Women with a history of gestational diabetes mellitus (GDM) are at substantially increased risk of type 2 diabetes mellitus (T2DM). The identification of important modifiable factors could help prevent T2DM in this high-risk population.
To examine the role of physical activity and television watching and other sedentary behaviors, and changes in these behaviors in the progression from GDM to T2DM.
Design, Setting, and Participants
Prospective cohort study of 4554 women from the Nurses’ Health Study II who had a history of GDM, as part of the ongoing Diabetes & Women’s Health Study. These women were followed up from 1991 to 2007.
Physical activity and television watching and other sedentary behaviors were assessed in 1991, 1997, 2001, and 2005.
Main Outcomes and Measure
Incident T2DM identified through self-report and confirmed by supplemental questionnaires.
We documented 635 incident T2DM cases during 59 287 person-years of follow-up. Each 5–metabolic equivalent hours per week (MET-h/wk) increment of total physical activity, which is equivalent to 100 minutes per week of moderate-intensity physical activity, was related to a 9% lower risk of T2DM (adjusted relative risk [RR], 0.91; 95% CI, 0.88-0.94); this inverse association remained significant after additional adjustment for body mass index (BMI). Moreover, an increase in physical activity was associated with a lower risk of developing T2DM. Compared with women who maintained their total physical activity levels, women who increased their total physical activity levels by 7.5 MET-h/wk or more (equivalent to 150 minutes per week of moderate-intensity physical activity) had a 47% lower risk of T2DM (RR, 0.53; 95% CI, 0.38-0.75); the association remained significant after additional adjustment for BMI. The multivariable adjusted RRs (95% CIs) for T2DM associated with television watching of 0 to 5, 6 to 10, 11 to 20, and 20 or more hours per week were 1 (reference), 1.28 (1.04-1.59), 1.41 (1.11-1.79), and 1.77 (1.28-2.45), respectively (P value for trend <.001); additional adjustment for BMI attenuated the association.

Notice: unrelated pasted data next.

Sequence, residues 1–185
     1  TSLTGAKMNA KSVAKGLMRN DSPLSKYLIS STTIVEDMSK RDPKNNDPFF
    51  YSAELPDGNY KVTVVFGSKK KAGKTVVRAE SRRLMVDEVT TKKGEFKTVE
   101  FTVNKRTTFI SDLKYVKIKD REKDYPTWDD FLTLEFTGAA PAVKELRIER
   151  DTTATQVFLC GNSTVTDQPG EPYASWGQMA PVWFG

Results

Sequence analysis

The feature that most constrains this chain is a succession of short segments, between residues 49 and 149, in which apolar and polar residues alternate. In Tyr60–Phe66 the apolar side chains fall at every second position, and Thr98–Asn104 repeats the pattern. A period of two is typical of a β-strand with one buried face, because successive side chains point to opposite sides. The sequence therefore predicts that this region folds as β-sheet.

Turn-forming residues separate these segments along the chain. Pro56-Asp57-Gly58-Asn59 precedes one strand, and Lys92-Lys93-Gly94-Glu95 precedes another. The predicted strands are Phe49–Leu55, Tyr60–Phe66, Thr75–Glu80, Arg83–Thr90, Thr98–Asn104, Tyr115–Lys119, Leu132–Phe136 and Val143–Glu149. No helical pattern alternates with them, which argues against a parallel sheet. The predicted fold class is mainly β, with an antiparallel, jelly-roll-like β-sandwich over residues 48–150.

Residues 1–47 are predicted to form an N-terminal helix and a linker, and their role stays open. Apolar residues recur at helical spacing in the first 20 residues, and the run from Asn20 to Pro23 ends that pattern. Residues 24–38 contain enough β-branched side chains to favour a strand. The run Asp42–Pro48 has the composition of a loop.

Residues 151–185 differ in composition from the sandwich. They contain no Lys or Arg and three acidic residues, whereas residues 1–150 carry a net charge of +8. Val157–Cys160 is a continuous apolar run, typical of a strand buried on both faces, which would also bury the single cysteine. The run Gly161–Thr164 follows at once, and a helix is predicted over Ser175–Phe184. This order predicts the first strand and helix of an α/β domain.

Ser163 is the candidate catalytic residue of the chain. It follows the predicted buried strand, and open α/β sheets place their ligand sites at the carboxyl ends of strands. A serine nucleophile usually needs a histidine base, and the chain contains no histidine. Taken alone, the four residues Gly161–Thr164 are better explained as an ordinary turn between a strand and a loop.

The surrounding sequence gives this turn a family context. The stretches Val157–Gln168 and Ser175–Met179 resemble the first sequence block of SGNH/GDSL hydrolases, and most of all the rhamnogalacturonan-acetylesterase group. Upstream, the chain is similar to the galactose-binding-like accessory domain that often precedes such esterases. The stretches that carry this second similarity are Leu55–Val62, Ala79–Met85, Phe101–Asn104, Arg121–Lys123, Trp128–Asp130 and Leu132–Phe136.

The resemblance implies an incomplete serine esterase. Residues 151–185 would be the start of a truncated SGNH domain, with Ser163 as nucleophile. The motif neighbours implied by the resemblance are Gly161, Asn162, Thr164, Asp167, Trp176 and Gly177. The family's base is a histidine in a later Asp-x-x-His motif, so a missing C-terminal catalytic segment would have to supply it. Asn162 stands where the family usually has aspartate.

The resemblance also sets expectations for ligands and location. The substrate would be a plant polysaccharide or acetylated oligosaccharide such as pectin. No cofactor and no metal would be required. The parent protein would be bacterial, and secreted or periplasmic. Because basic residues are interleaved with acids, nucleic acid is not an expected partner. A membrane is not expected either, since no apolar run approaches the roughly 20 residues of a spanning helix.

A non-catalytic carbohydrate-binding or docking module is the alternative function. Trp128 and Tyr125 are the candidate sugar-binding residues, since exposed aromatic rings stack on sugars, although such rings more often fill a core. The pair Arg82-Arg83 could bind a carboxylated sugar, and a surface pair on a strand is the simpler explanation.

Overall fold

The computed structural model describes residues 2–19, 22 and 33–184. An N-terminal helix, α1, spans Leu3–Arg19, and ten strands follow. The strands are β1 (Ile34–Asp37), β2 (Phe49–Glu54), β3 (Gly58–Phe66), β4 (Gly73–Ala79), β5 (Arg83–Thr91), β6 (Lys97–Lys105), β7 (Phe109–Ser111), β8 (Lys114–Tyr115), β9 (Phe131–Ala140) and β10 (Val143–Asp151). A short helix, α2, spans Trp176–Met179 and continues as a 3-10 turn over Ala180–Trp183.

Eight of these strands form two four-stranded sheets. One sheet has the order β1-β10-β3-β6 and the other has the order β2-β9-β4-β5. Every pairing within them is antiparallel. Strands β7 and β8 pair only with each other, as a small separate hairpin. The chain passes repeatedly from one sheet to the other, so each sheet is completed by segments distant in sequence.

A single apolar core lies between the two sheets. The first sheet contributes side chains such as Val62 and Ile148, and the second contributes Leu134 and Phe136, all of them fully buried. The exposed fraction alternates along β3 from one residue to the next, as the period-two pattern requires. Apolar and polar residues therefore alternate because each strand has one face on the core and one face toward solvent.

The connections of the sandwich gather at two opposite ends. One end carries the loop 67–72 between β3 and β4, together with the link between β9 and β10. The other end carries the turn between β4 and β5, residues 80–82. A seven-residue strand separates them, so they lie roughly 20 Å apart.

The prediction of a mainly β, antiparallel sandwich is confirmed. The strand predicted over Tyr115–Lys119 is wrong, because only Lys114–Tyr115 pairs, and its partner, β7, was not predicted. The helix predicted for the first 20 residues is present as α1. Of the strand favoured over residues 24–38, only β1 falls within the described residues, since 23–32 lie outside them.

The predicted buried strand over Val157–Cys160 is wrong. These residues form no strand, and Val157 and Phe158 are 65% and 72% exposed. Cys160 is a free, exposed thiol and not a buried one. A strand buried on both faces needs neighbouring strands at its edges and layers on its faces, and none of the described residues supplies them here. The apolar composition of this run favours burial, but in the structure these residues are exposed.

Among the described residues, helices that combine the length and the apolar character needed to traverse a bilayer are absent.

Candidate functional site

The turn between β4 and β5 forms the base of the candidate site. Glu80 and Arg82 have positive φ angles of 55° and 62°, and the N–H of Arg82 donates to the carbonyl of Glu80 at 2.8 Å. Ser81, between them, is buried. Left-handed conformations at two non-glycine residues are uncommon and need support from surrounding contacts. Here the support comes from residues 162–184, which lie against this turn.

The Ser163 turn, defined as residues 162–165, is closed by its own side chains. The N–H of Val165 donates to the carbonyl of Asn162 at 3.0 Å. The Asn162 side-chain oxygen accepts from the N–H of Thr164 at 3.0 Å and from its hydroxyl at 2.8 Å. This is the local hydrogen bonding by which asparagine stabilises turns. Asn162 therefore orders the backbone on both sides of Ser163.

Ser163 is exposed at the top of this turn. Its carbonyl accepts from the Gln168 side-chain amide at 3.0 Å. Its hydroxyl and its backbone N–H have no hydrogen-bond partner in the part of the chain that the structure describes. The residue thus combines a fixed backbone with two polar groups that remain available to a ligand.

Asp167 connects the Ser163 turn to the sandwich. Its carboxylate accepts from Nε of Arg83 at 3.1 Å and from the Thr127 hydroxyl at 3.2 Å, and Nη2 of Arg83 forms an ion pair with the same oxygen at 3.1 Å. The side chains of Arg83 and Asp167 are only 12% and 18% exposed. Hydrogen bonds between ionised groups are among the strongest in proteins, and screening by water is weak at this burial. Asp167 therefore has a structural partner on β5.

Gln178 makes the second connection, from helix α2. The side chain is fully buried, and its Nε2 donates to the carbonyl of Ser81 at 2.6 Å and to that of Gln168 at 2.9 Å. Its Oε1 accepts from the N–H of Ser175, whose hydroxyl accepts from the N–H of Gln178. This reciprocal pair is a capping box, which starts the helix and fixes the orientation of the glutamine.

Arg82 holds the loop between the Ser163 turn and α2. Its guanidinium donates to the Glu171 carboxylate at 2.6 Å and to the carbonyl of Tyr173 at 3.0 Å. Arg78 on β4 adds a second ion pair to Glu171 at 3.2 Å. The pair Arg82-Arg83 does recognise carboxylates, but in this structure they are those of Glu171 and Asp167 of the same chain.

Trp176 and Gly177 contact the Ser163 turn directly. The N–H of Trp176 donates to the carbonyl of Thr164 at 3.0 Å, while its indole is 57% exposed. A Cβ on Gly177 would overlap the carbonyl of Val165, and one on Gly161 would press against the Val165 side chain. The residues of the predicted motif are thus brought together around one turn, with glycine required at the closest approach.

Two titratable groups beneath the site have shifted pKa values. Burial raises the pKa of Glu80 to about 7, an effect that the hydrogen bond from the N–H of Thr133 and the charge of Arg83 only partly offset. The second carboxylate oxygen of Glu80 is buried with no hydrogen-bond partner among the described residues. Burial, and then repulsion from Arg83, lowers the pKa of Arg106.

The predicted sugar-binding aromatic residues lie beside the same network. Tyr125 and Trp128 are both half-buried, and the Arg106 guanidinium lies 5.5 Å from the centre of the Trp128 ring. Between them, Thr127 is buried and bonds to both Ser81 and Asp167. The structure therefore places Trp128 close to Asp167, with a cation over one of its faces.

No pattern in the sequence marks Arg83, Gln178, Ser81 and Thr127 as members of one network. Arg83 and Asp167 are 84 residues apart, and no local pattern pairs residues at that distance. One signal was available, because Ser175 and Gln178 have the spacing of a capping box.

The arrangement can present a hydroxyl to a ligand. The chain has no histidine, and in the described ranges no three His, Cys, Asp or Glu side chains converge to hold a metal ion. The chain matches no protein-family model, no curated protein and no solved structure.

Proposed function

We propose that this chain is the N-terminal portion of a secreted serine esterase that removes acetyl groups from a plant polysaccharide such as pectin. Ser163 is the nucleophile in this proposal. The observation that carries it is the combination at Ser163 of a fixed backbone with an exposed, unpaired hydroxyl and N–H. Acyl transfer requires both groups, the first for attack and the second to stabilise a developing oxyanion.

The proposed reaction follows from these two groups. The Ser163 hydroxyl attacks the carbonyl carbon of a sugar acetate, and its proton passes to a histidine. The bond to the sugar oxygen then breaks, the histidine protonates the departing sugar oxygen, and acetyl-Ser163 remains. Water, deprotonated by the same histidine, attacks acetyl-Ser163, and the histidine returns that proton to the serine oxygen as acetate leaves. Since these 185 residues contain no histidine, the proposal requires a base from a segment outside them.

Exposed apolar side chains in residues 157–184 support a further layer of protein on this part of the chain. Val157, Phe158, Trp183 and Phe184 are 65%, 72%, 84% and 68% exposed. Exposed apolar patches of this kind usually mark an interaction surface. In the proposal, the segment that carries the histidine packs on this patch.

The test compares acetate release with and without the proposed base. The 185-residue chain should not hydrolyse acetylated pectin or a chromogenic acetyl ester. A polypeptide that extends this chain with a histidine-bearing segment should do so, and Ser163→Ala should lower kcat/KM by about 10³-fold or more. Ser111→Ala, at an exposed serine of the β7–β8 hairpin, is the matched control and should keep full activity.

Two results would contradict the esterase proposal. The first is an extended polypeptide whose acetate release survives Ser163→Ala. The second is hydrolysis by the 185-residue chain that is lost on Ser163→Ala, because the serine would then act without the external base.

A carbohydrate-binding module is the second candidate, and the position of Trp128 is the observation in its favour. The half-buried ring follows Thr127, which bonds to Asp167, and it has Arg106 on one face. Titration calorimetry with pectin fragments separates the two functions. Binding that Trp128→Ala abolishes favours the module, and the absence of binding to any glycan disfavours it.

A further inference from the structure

Conclusions and Relevance
Increasing physical activity may lower the risk of progression from GDM to T2DM. These findings suggest a hopeful message to women with a history of GDM, although they are at exceptionally high risk for T2DM, promoting an active lifestyle may lower the risk.